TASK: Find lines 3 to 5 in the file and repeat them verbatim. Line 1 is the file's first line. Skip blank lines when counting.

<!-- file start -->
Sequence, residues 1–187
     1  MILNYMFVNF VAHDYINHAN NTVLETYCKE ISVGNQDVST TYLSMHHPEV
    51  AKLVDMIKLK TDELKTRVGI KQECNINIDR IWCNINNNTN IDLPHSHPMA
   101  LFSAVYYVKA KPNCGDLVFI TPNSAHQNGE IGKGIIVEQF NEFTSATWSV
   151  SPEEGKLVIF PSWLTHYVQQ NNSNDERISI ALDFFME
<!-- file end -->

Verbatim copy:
    51  AKLVDMIKLK TDELKTRVGI KQECNINIDR IWCNINNNTN IDLPHSHPMA
   101  LFSAVYYVKA KPNCGDLVFI TPNSAHQNGE IGKGIIVEQF NEFTSATWSV
   151  SPEEGKLVIF PSWLTHYVQQ NNSNDERISI ALDFFME